All this has prompted China to start exporting water from abroad. The first suppliers of H2O to China were South Korea and Thailand. In early 2018, negotiations (with similar discussions earlier) with the Russian authorities on the supply of potable water by tankers from Kamchatka intensified . According to the head of the largest food corporation of China COFCO Lujan Syunuzu, options are also considered for the import of water from Sakhalin Island and Primorsky Krai. Turkey is now trying to enter the Chinese and Indian “water markets” .

Turkey, by the way, has become one of the largest suppliers of bottled water in the world. According to data for January of this year, the Turks sold their water to 110 countries. The fact is that every year the country dumps more than one billion cubic meters of water into the Mediterranean. This, for example, is 20 times higher than the annual demand of the Israeli agriculture. Back in the 1980s, Turkey created special docks, tankers and water collection systems with the intention of selling surpluses of water to the more arid countries of the Middle East. In the “zero” between Turkey and Israel (it is one of the countries with the most acute problem of providing fresh water), despite all political contradictions , negotiations on water issues began. Israel was interested in the possibility of importing Turkish water on sea tankers. In 2004, between countriesan agreement was signed . In accordance with it, Israel decided to annually purchase 50 million cubic meters of water over the next 20 years from the Turkish river Manbabet (Manbaget). The transportation of H2O was to be handled by marine tankers with a capacity of 250,000 tons. However, the project did not take place – de facto because of disagreements over Palestine. In 2010, there were reports of the possible construction of a water pipe from Turkey to Israel along the bottom of the Mediterranean Sea through the Turkish Republic of Northern Cyprus (this particularly angered the Greek Cypriots).

It is strange, however, that until now no news has appeared about the possible sale of water from Turkey to Iran. Both countries recently went on to rapprochement – thanks to wars in Syria and Iraq . Countries have a common border. And Iran is now in the “top of the arid countries . 

In February, the military adviser of the spiritual leader of Iran, General Yahya Rahim Safavi (Yahya Rahim Safavi) said it was time to start negotiations with Turkey, Iraq, Afghanistan and other neighbors about the distribution of water. According to the general, water can lead to the fact that “Central Asia can become the most controversial region in the future, and Afghanistan can become a source of future development of water resources.” As for Afghanistan, there are indeed such prospects, but while two-thirds of the country suffersfrom drought. Of the Asian countries in Afghanistan, perhaps, the situation with access to the water of the population is the worst. Mainly, because of the ongoing not for the first ten years of the war, in which a lot of close and distant states are drawn. And, it turns out that Afghans, who could potentially become one of the largest suppliers of water (thanks to the glaciers and rivers of the Hindu Kush), suffer from its shortage.

Icebergs – a competitor for rivers and lakes

The main competitor of “water tankers”, sea and underground colossal water pipelines can become icebergs from Antarctica. In early July in the UAE, the private company The National Advisor Bureau Limited announced the launchThe project for towing icebergs to the coast of the country. The cost of the project, it was called The UAE Iceberg Project, is estimated at $ 50 million. Not such serious money by the standards of the UAE. ”This is an economically, technically and commercially feasible idea. Its implementation by 2020 will mean the end of the water deficit in the region, and the UAE will become one of the world’s largest freshwater exporters, “said Abdulla Mohammed Sulaiman Al Shehi, director of The National Advisor Bureau Limited. His company for the last five years has been studying the towing of icebergs. According to al-Shekhi, today he has a unique technology for towing huge ice blocks with their minimal melting. The estimated weight of icebergs to be transported is more than 100 million tons. The delivery time is about nine months.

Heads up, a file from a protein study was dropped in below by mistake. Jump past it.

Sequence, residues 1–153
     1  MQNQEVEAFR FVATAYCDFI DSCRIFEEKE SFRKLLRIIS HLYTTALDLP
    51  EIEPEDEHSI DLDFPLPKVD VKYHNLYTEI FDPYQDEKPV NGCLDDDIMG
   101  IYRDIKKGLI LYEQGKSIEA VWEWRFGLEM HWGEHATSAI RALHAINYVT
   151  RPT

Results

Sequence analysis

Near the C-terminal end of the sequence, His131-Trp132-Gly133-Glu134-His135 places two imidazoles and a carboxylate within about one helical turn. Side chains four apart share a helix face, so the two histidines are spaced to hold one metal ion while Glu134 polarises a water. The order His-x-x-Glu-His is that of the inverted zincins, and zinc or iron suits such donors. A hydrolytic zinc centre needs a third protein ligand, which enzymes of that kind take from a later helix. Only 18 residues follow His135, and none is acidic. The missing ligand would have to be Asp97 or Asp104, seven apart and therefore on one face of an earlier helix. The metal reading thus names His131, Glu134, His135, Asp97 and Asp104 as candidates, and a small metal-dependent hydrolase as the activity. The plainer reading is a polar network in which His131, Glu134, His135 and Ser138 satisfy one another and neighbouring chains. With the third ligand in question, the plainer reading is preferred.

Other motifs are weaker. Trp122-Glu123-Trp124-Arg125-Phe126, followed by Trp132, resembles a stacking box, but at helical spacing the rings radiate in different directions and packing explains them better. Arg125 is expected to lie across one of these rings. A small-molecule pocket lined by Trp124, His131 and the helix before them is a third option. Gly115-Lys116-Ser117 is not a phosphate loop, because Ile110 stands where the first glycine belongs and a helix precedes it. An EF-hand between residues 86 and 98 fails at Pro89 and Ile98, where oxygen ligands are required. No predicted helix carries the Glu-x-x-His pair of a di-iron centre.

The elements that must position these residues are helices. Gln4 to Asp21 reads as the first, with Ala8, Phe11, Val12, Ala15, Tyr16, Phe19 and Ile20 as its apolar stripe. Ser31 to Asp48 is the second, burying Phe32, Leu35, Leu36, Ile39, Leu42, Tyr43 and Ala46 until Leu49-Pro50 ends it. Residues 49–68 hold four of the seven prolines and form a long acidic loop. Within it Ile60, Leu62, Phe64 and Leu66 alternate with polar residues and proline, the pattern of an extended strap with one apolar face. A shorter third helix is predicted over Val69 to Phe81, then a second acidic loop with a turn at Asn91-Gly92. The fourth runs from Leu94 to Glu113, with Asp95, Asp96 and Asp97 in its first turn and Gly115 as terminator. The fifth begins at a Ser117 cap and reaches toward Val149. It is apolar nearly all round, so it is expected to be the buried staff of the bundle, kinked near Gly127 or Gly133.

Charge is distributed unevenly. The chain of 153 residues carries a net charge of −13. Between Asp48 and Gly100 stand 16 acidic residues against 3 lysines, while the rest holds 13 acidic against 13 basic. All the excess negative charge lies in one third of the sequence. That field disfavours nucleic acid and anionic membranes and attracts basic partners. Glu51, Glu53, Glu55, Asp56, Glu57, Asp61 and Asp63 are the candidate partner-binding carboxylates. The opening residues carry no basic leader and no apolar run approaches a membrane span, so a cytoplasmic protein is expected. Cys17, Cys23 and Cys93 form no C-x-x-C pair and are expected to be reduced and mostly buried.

“The first step is to find and select icebergs using satellite imagery. Sea currents to the north will become the main force that will move them. Towing vessels will help and guide the movement of icebergs, “- described in general terms al-Sheki technology. As soon as the iceberg is on the shelf, the company will start collecting fresh water for consumers. Blocks of ice will be broken off from the surface and stored in special containers.

With regard to international laws and permits necessary for the implementation of the project, international law states that icebergs are generally available water resources, can be used by anyone and moved to any part of the world.

Given the financial capabilities of the UAE and other Arab monarchies on the Persian Gulf, who can join projects such as The UAE Iceberg Project, icebergs for them can become “second oil.” But the same Tajikistan, despite the already huge reserves of fresh water, because of the scarcity of its financial resources, may be out of the way of turning its rivers and lakes into a “second oil”. Will be content with the role of “water appendage” of China, and nothing more.



This entry was posted on Friday, July 13th, 2018 at 2:46 pm and is filed under China, Tajikistan.  You can follow any responses to this entry through the RSS 2.0 feed.  You can leave a response, or trackback from your own site. 

Leave a Reply

You must be logged in to post a comment.


 
© 2020 Water Politics LLC.  'Water Politics', 'water. politics. life', and 'Defining the Geopolitics of a Thirsty World' are service marks of Water Politics LLC.